Originally posted by Jaz Chana:
From the beginning, all data has to eventually be transformed into 1s and 0s so that the computer can understand the data. This is where character encoding comes in. Now a bit is either a 1 or a 0. A byte is an octet/8 bit register, so a byte could look like 00001111. However this is useless for a human reader so it has to be converted into character data using some sort of character set and encoding. The most basic as I understand is ASCII which is a representation of 1 byte to 1 character (correct?).
That is correct yes, the ASCII code set is 1 character per byte
A byte is an '8-bit signed two's complement integer' and a char is a '16-bit Unicode character'. To me that means that a char is two bytes, with unicode character encoding. Or a byte is half a char without any encoding.
Is this true? It doesn't sound correct.
The first part is correct, the Unicode character set supports characters that can be represented with a single byte (Think about how many unique characters can be represented by a single byte...).
Now the use of a FileInputStream to read characters is _not_ recommended for this very reason. If you are reading in certain unicode characters (ones that take 2 bytes to represent) then reading off just one byte is only going to give you 1/2 a character. It's best to use FileReader instead.
If that is true then why is it, for example, that the following application outputs the numbers: "104 101 108 108 111 32 119 111 114 108 100" (hex data I'm assuming), when I would have expected to see 0s and 1s?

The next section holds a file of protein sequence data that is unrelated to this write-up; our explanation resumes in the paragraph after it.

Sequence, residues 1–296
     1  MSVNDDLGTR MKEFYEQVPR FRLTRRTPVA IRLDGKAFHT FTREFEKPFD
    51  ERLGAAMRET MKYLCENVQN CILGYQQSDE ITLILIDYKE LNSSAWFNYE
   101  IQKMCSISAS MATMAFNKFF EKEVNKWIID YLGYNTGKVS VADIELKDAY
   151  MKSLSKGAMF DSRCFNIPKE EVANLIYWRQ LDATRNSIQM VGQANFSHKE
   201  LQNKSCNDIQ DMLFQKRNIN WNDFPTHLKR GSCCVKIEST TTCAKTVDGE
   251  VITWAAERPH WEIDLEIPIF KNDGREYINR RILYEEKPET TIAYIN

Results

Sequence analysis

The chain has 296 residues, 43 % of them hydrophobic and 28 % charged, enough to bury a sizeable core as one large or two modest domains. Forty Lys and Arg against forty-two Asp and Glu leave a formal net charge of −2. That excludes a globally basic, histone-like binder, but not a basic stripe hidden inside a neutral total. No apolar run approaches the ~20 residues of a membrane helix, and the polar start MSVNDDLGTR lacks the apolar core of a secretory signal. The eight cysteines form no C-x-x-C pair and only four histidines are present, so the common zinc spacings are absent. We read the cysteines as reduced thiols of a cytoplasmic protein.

by the way, the text in the file is "Hello World"
The read() method is pulling back bytes from the stream as an int, so you're getting a decimal representation of the byte you are reading in. If you compare the numbers you are getting to a ascii decimal chart you'll see how it matches up to actual characters.
also why is it that a character stream in the next program pulling data from the same file outputs the same set of numbers?
I would have expected the string to output as it was to be represented, or at least be different from the byte data. It is after all using a different encoding.
Can someone please explain why?
Basically all you are getting is a string representation of the number that is the int representation of the byte. Your code isn't actually ding the character set conversion 104 to "H" for example. I would take a look at the FileReader class to get the desired behaviour.
Hope that all helps!
Originally posted by Jaz Chana:
Thank you very much for your reply. Its has cleared things up a little. I have many more questions, but firstly I should clear something up. The code for the character data read was wrong. The code I was really referring to was this;
the other code actually does print the text output. I'll come back to the above in a sec, but firstly i have some other questions.